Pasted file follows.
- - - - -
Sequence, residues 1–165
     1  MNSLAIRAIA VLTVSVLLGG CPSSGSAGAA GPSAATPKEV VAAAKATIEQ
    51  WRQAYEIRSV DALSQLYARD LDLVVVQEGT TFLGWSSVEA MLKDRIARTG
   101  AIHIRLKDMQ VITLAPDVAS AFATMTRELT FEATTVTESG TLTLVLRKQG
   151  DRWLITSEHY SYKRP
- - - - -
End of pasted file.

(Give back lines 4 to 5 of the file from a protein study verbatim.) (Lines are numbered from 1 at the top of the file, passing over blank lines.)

   101  AIHIRLKDMQ VITLAPDVAS AFATMTRELT FEATTVTESG TLTLVLRKQG
   151  DRWLITSEHY SYKRP